The two murders that occurred within 20 minutes of each other over the weekend in Trenton probably taxed the manpower of the police force to the limit, judging by the massive decrease in minimum police staffing levels the city has experienced over the last two years.
All of this is part-and-parcel of the chaotic and detrimental ruling style of former Police Director Joseph Santiago, who apparently believes the best use of high-ranking and high-paid Internal Affairs officers is for spending hours of overtime to investigate non-favored cops, rather than doing actual police work.
The Trentonian has already reported on the minimum staffing levels situation that is causing the City of Trenton to be covered by ever smaller numbers of officers, despite a continuing crime problem.
As reported by the Trentonian’s Joe D’Aquila, records obtained by police sources show a dramatic fall-off in the actual police presence in the east police district, versus the west police district, where minimum levels and the actual number of officers on the street has not fallen nearly as dramatically.
By early June this year, the east police district’s police presence had basically been halved through orders issued by the hand of former Police Director Joseph Santiago, with the 7 a.m., 8 a.m. shifts’ minimum number of cops down to four, the 5 p.m., 6 p.m., and 10 p.m. shifts down to six each, and the 3 a.m. shift down to three.
Only the 5 p.m. and 6 p.m. shifts saw more officers out on the street than the bare minimum, and one shift – the 10 p.m. – actually had less than the minimum, probably because of office duty or some other issue.
Flash back to early June 2007, and the numbers are nearly double. The 7 a.m., 8 a.m., 5 p.m., 6 p.m., and 10 p.m. shifts all were required to have at least 10 cops out on patrol throughout the east police district, and some actually saw more than the minimum out on patrol, up to 12 officers. The 3 a.m. had five officers, up two from the present levels.
While the western district also experienced some minor reductions in staffing levels, the changes were not nearly as drastic as in the east, where through June 8 of this year there had been 420 total crimes versus the west’s 284.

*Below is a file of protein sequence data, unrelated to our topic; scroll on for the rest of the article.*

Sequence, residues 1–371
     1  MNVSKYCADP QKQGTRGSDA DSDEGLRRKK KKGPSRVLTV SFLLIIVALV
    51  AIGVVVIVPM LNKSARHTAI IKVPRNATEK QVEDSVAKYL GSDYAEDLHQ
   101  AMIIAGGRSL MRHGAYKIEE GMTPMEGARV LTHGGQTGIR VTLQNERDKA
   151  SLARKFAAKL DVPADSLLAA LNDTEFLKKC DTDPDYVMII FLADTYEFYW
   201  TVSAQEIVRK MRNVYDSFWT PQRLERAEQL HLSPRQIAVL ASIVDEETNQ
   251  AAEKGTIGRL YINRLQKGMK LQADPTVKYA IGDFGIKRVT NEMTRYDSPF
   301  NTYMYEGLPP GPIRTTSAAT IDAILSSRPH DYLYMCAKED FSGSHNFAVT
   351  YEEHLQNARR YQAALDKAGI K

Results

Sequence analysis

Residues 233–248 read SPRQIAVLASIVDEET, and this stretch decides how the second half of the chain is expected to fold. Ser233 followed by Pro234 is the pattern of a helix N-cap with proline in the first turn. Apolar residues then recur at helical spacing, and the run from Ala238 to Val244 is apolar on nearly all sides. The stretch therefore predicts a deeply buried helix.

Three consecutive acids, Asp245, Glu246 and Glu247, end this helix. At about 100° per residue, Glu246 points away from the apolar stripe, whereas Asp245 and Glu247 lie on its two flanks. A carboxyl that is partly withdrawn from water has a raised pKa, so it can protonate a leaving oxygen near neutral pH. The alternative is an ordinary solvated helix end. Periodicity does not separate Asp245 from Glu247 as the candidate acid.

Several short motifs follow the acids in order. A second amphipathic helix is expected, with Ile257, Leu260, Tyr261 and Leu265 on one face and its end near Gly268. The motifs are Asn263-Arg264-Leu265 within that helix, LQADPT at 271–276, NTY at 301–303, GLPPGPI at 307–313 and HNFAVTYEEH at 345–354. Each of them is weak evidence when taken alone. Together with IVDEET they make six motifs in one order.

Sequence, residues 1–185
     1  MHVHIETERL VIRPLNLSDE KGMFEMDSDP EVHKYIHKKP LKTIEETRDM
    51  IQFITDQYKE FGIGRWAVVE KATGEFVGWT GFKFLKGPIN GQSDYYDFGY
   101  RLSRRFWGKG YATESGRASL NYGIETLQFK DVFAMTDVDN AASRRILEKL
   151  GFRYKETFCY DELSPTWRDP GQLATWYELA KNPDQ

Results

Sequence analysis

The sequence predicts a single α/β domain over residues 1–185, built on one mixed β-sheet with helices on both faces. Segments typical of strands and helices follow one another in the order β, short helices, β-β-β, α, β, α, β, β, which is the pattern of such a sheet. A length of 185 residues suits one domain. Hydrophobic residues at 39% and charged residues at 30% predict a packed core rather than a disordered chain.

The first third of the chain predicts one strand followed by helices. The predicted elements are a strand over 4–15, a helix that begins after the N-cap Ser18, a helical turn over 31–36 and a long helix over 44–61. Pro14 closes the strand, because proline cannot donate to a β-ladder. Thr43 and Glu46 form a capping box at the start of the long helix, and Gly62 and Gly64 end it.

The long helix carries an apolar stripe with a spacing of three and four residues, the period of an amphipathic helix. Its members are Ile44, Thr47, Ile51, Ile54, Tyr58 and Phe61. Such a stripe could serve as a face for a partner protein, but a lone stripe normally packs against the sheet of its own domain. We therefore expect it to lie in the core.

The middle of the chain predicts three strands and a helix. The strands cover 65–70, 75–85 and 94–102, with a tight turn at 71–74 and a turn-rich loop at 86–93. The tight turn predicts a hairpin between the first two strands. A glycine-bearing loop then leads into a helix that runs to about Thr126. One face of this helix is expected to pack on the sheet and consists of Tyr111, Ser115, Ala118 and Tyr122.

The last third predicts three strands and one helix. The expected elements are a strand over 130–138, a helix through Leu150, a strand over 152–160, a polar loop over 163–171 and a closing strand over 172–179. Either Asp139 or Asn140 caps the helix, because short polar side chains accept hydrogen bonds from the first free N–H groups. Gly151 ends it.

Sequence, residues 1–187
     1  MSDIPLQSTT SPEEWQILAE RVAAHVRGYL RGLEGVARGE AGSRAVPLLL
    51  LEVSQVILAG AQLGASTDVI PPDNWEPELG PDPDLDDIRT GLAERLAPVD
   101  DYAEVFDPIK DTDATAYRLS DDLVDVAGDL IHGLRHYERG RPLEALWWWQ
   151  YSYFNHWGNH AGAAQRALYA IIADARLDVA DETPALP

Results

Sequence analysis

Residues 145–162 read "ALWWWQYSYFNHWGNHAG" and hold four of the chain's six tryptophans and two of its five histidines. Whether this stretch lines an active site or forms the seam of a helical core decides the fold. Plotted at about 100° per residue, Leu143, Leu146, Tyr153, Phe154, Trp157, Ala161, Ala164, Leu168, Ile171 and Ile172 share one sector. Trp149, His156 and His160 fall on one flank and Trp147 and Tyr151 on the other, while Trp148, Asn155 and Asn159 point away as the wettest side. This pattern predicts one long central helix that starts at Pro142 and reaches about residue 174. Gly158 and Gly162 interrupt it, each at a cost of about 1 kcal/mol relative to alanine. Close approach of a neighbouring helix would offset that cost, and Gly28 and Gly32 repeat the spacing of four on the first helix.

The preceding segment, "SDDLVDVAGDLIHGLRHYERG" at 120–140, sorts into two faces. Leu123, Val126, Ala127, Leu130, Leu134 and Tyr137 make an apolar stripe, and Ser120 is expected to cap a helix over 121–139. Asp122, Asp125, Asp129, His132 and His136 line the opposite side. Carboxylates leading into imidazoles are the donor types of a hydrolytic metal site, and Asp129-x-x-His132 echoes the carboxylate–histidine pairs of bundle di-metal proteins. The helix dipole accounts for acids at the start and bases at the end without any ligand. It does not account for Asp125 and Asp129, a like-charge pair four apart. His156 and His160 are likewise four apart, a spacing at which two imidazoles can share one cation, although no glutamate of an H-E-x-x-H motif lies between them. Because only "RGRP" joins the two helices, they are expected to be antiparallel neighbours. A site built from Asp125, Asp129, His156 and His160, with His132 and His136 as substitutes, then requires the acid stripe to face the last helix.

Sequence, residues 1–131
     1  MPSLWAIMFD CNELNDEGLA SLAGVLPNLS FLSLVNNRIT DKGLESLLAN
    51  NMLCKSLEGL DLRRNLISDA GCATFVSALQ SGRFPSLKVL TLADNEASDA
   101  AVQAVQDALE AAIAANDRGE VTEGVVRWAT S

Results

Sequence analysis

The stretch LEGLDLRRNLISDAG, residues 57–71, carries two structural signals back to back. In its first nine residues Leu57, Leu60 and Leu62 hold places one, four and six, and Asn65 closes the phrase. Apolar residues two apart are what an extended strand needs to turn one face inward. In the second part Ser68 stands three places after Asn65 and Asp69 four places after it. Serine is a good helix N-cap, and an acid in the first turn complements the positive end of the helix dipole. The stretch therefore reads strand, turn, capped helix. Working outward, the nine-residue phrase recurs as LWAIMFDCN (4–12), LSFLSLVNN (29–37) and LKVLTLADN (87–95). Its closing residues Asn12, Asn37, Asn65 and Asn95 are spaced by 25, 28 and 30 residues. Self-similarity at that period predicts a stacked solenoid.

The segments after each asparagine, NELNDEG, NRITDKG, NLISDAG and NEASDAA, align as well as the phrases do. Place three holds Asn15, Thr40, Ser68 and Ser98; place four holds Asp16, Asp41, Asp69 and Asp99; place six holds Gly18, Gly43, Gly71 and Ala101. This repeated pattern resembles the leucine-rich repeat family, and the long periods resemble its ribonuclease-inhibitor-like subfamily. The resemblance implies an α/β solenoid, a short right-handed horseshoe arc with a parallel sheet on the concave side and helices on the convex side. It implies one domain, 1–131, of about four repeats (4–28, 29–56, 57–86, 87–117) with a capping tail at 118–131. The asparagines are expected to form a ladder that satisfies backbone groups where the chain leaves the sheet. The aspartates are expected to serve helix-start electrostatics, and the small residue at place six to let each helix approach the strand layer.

The 7 a.m. and 8 a.m. shifts in the west in June of 2007 saw a minimum level of eight officers, the 5 p.m. and 6 p.m. shifts, 12, the 10 p.m. 11, and the 3 a.m., six. Fast forward to the present and the numbers have dropped to six for the 7 a.m. and 8 a.m. period, eight for the 5 p.m., 6 p.m., and 10 p.m., and four for the 3 a.m.
The means that while the east police district, with its greatly elevated crime levels, saw its minimum staffing levels for all six shifts drop from 35 to 19, in the same time period the less crime-plagued west district saw a cut of 37 to 26.
Mr. Santiago, at a civic meeting last, said he has “succeeded in getting more cops out on the streets” than any of his predecessors. Well Mr. Santiago, these numbers certainly do not reflect that.
A truly scary situation occurred in April when an officer on duty responded to a homicide in the complex of crime-plagued housing projects off of Stuyvesant Avenue, and it bears directly on this whole issue of waning police presence and Mr. Santiago’s wasteful use of Trenton cops.
The victim had already expired, after having his head blown clean off by a murderer’s bullet, but only a handful of officers were able to respond because of Trenton’s Santiago-endorsed staffing reductions.
An ever-growing crowd of irritated project residents began chanting at the officers, apparently because they believed the victim was still alive and the police were not doing anything to help him with his “worsening” medical condition.
The officers and a group of paramedics actually began doing CPR on the murdered man, out of fear that the explosive situation could become violent due to the low number of officers on the scene and the growing number of angered observers.
At this sensitive moment one of Mr. Santiago’s response time-obsessed dispatchers contacted a Sgt. Tony Manzo on the scene and told him to report to the scene of another crime of much less significance. The officer – obviously a little stressed out – told the dispatcher that he was busy, and that if he had a problem they could “take it outside” back at the station.
No longer enjoying the favor of the former director meant that the “take it outside” comment was used by Mr. Santiago as an excuse to order a psychological evaluation, desk duties, and administrative charges.
Equally disturbing was that Internal Affairs officers allegedly spent hours of overtime work listening to the dispatch tape.
All this, while Trenton is seeing reduced levels of cops out on the streets. Thanks Mr. Santiago.